Mobile Phone Charges

Foundations of Business


Fairness, Competition, System Regulation, System Intervention


January 2003. The UK phone regulator Oftel imposes controls on the transfer charges imposed between telephone operating companies (telcos). These transfer charges will be capped immediately, with further reductions imposed over the next three years.

Mobile telephone operators, led by Vodafone, insist that this will not result in lower charges for mobile phone customers, since they will simply pass the costs on to their customers in different ways – through higher billing or reduced handset subsidies. Vodafone announces that it will seek a judicial review of Oftel’s action, and warns that mobile costs may have to rise.


At issue are the charges that are payable when a telephone call is passed from one network to another. If a BT customer makes a call to a mobile phone connected to the Vodafone network, then Vodafone is regarded as providing a chargeable service to BT, and this charge is reflected in the bill sent by BT to its customer.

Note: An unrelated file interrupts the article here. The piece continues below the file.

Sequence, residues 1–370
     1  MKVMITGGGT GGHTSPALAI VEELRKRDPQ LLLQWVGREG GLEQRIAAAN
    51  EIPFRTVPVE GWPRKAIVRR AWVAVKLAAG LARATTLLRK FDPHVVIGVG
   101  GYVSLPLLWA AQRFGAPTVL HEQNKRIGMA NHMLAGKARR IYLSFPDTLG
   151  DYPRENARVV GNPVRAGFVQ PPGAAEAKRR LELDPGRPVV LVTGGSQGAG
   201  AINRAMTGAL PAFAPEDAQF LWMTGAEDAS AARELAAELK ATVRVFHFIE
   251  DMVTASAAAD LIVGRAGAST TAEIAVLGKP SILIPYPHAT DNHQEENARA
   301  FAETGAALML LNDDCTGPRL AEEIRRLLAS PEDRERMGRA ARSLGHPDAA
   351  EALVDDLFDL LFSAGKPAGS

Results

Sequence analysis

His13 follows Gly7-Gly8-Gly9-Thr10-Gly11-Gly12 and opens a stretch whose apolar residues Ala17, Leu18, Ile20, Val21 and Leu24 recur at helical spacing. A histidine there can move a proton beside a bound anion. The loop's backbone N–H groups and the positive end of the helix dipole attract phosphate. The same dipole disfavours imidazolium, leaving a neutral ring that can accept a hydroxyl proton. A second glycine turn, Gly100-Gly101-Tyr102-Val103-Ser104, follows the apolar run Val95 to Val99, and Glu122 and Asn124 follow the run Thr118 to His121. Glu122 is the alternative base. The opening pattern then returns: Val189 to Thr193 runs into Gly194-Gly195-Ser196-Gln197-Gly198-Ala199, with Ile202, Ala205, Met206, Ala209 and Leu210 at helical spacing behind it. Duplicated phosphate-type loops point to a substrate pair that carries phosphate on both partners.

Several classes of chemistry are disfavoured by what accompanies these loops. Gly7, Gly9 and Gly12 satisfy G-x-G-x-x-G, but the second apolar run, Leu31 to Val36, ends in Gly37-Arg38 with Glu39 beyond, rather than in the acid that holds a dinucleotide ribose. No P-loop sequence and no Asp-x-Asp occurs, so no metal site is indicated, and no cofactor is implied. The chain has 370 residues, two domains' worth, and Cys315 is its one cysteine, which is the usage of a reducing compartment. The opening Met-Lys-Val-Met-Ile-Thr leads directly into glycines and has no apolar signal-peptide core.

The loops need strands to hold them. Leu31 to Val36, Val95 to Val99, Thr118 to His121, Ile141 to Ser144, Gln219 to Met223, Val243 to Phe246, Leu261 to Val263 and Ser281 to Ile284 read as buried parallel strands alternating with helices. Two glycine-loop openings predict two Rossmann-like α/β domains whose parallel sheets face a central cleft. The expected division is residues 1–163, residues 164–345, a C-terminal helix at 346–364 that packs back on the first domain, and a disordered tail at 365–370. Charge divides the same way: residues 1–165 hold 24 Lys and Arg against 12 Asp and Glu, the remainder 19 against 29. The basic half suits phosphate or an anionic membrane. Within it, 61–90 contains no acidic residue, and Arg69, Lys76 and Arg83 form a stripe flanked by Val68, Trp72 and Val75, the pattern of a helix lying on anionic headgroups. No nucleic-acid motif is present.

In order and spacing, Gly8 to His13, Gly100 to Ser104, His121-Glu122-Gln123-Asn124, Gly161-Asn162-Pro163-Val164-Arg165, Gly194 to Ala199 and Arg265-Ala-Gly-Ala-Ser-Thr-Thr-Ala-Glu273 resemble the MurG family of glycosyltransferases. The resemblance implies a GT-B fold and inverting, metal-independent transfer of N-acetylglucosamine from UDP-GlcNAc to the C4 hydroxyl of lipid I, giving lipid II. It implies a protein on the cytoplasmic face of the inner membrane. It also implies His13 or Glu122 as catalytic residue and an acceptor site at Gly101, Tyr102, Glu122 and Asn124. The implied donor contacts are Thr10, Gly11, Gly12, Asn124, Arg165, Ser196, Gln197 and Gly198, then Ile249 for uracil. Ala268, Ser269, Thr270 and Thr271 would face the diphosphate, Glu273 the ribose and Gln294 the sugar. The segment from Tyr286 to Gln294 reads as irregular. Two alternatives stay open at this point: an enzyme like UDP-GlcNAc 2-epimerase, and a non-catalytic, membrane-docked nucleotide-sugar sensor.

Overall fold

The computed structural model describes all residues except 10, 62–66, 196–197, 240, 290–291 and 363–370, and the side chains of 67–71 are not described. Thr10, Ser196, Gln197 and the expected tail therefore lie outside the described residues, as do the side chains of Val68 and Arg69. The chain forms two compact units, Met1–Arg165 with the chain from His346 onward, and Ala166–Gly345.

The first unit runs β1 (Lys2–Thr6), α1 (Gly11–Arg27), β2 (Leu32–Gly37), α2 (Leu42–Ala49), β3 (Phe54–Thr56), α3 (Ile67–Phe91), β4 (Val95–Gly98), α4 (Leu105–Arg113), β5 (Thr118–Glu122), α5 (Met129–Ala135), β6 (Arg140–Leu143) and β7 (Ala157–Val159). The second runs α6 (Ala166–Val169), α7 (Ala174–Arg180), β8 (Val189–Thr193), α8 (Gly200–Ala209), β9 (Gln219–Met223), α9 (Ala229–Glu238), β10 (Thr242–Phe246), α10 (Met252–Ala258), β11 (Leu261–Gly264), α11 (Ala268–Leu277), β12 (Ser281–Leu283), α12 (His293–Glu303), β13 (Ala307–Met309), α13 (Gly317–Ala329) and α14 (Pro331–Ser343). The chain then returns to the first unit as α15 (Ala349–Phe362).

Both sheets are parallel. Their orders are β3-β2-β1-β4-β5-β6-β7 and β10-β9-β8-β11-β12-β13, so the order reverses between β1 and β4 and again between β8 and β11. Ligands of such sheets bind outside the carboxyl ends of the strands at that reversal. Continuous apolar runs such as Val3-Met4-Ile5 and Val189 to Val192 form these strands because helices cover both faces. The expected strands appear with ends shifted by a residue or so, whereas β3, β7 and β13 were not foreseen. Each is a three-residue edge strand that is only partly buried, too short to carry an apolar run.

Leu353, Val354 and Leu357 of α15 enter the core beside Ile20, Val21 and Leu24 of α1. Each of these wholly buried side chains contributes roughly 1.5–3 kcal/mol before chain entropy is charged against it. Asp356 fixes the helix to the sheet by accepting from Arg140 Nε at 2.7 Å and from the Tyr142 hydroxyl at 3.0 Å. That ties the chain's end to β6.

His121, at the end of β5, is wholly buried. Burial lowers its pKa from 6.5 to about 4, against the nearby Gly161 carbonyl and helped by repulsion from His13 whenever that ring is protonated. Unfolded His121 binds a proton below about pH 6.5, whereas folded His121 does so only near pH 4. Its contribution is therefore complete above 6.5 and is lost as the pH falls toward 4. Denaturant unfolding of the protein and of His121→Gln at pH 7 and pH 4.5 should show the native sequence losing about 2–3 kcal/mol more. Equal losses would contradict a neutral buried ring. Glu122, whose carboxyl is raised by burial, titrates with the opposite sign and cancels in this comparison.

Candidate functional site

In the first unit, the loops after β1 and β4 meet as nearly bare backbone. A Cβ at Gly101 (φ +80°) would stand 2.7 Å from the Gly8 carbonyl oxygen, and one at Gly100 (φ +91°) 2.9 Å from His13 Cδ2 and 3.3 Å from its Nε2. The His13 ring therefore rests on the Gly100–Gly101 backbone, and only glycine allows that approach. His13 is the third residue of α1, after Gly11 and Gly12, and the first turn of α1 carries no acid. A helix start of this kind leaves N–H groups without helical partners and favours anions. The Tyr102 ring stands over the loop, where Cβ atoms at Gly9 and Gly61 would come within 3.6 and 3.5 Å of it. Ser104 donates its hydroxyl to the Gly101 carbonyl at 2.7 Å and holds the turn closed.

These charges are currently running at over 20p per minute, although telecom analysts argue that the true cost of the service should be no more than 10p per minute.

Telecom charging has generally been based on the principle that the caller should pay. Since the underlying cost of making a call to a mobile phone is greater than the underlying cost of making a call to a fixed phone, we may reasonably expect to pay more for making calls to a mobile phone.

However, if the charges are unreasonably high, then this means callers to mobile phones are not just paying for the calls, but are helping to subsidize other aspects of mobile phone ownership and operation.